Ruby Braff, 75, the jazz cornetist whose elegance on the horn was offset by an abrasive personality that left him many fans but few friends, died Feb. 9 at a nursing home in North Chatham, Mass. He had emphysema but continued to tour worldwide until recent months, often playing two sets a night.
Mr. Braff, a resident of Dennis, Mass., made more than 250 albums with some of the greatest figures in jazz, notably pianists Ellis Larkins, Dick Hyman and Ralph Sutton and guitarist George Barnes. He was associated with players including the eccentric Dixieland clarinetist Pee Wee Russell and singer Tony Bennett.
Music critic Nat Hentoff called Mr. Braff "the most lyrical cornetist in jazz since the departure of Louis Armstrong and Bobby Hackett."
His playing was instantly recognizable for its long, delicate notes, finished by a silvery vibrato. He added quick runs of notes and blue notes for effect, never gilding the song but always searching for ways to lend gentle distinction.
An exceptional balladeer on songs such as "I Cover the Waterfront," Mr. Braff also was superb at faster tempos.
He remained something of an outsider throughout his career. Partly it was his attraction to the so-called "great American songbook" that isolated him from the horn-playing pace-setters of his generation, such as Dizzy Gillespie and Clifford Brown. Mr. Braff disdained the flashy, upper register bravura of hard bop.
His brash personality was a major factor in the vicissitudes of his popularity. He was a pugnacious man with a lifelong hatred of critics who had dismissed his repertoire. He had angry, epithet-filled encounters with booking agents and music-lovers who asked unwanted questions about his career.
"The beauty ended abruptly when he took the horn from his mouth," Steve Voce wrote in the London Independent.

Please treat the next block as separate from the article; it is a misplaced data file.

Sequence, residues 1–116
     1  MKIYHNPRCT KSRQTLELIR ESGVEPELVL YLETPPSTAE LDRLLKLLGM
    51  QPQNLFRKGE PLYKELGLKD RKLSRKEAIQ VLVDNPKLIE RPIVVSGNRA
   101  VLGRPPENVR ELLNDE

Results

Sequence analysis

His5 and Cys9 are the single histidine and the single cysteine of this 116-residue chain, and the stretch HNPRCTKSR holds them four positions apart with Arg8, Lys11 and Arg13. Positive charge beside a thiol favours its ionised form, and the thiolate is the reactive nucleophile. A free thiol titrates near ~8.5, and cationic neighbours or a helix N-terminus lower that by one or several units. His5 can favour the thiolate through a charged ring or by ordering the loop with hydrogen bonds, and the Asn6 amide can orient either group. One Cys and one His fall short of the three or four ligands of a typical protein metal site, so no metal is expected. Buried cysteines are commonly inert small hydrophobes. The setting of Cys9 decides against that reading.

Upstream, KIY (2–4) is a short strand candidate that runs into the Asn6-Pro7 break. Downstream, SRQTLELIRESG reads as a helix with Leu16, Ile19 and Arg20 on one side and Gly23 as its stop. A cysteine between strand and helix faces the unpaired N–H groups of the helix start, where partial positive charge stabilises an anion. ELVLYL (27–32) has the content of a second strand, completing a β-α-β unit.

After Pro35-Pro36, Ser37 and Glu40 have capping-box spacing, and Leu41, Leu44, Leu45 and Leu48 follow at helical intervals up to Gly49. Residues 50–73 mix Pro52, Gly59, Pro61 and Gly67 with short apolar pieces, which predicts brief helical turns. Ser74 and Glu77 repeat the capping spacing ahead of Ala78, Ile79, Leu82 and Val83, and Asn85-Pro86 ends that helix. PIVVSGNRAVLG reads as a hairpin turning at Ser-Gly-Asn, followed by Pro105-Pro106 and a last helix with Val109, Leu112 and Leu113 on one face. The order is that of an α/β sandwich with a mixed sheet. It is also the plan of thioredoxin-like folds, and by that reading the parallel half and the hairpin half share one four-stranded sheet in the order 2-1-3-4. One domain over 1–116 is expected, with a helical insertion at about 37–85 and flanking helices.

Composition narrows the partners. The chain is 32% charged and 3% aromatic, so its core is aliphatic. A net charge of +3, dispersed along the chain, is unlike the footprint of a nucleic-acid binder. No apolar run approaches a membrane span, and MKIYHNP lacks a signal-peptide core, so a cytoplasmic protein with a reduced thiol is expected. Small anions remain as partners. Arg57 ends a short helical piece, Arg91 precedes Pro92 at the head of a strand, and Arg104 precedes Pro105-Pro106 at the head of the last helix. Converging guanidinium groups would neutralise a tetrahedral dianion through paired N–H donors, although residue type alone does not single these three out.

After a period of acclaim in the early 1950s, he found it difficult to find steady work because his music was considered out of fashion in many circles.
A resurgence followed in the 1960s, when he toured with the Newport Jazz Festival All Stars, whose producer, George Wein, became one of his champions.
He played with Bennett in the early 1970s and then paired with Barnes in an acclaimed quartet that broke up when he had a falling out with the guitarist.
"I hated George, and he hated me," Mr. Braff told the Times of London. "It was all right when we were playing, but the minute we stopped playing, we'd see each other and we'd hate each other."
Reuben Myer Braff was born in Roxbury, Mass., the son of Russian-Jewish immigrants. He was drawn to music through the radio and became an Armstrong aficionado. He was largely self-taught on the instrument, having fired his first music teacher after six months for not knowing enough.
According to his surviving sister, their mother discouraged Mr. Braff from a career in music and dissuaded him from applying to the Juilliard School.
Mr. Braff played extensively in the Boston area in the 1940s and began a musical relationship with Russell and Edmond Hall, musicians of an older generation who were experiencing a comeback in the Dixieland revival. Years later, Mr. Braff played mentor to younger generations of players, such as saxophonist Scott Hamilton.
Mr. Braff first drew attention with his 1953 recordings with trombonist Vic Dickinson, in which he outshone many veteran performers. In 1955, he and Larkins recorded "Two by Two," duets of songs by Richard Rodgers and Lorenz Hart that are still placed among the top jazz collaborations ever made.
For all his bluster, Mr. Braff could turn positively worshipful when asked about songwriters of the golden era of jazz pop, including George and Ira Gershwin, Hoagy Carmichael and Johnny Green.
He once said Rodgers so liked his duets with Larkins that the songwriter hired him to play music and act in Rodgers and Oscar Hammerstein's 1955 musical "Pipe Dreams." The show ran for 246 performances.
"During the rehearsals, I was able to sit and watch [Rodgers] work every day," he said. "If they asked for another sixteen bars, he would sit down and write them right there and then at the piano, and then Oscar Hammerstein would write the words. I can still hardly believe that it all happened."
In the 1950s, he played with clarinetist and bandleader Benny Goodman. Most recently, he was recording for the Arbors label.
He told the Chicago Tribune he was essentially "a performing animal."
"Were I not playing the horn, I'd be in vaudeville -- a magician, a comic, something on the stage," he said. "And the reason I know that is that I know how I responded to performers, even when I was a baby.
"I'd hear something on the radio . . . and it would just stir things in me, drive me crazy. I, too, wanted to make noises like that and excite somebody the way those noises excited me."
Survivors include a sister, Susan Atran of Stoughton, Mass., who said her brother was voted best comedian in high school.